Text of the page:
Originally posted by P Subramanian:
The same can be achieved if the service method is synchronized. What is the purpose of using the Single Thread model then?
Originally posted by Simon Brown:
At the end of the day, it comes down to personal preference and whether your chosen toolset does the job. If so, there's no point in changing.
However, there are other factors that come into play. For example, our clients tend to look at building high performance, scalable, maintainable component based systems. They have chosen Java/J2EE as their platform on which to do this as it can deliver on all of these requirements. There are many more besides this...
From my perspective, I got into Java over four years ago because it (and its potential) interested me and that's still holding true. It is partly the language, but there's also the other pieces of the puzzle such as the design patterns, the J2EE patterns, architectures for distributed systems and also, the way that "elegant" solutions can be designed and implemented.
This of course all overlaps on to JSPs too. I first saw JSPs at JavaOne (1999 I think) and to be honest, I wasn't impressed at all as it seemed like just another way of building pages to generate dynamic HTML content. However, as the specifications have been enhanced and improved, JSPs are now a very effective tool for building and delivering dynamic content. Couple JSPs with custom tag extensions, JavaBeans, Servlets and the rest of the J2EE and you have a very powerful toolkit.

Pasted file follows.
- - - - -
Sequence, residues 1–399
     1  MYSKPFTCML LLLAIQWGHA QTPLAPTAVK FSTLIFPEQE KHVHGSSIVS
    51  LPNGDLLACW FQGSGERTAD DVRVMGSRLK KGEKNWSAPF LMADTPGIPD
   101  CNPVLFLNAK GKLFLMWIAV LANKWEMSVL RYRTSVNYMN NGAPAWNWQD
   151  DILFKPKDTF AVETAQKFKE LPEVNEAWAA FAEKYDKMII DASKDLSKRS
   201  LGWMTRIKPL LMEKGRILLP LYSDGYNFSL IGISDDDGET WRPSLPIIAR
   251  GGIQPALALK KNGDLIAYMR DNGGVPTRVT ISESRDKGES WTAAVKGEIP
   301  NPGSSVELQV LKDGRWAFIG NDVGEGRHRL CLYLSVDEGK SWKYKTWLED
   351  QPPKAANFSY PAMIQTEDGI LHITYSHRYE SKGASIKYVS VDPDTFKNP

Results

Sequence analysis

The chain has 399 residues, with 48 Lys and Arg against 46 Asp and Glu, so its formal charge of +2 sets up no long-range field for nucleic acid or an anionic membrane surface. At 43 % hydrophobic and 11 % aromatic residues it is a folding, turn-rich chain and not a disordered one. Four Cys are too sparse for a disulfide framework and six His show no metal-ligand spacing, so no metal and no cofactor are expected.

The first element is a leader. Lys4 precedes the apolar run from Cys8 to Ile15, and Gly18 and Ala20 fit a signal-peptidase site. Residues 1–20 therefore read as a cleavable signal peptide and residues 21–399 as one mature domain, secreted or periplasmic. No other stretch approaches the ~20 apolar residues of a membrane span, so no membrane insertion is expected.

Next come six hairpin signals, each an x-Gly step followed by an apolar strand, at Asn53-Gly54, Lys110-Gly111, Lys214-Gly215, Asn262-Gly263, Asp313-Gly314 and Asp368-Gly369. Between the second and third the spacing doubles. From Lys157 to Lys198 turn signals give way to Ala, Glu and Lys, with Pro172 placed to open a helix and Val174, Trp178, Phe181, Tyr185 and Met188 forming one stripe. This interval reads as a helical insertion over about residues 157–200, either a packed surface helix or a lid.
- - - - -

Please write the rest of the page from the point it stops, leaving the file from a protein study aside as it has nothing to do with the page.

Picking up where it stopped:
That's my thoughts ... what does everybody else think?
Originally posted by niranjan pulipati:
Thanks & Regards
Originally posted by Kausik Ghosh:
Best wishes on the launch of your new book :-)
Am currently trying to fathom out the new servlet 2.3 specification which has a lot to do with filtering... questions will follow soon ... ;-)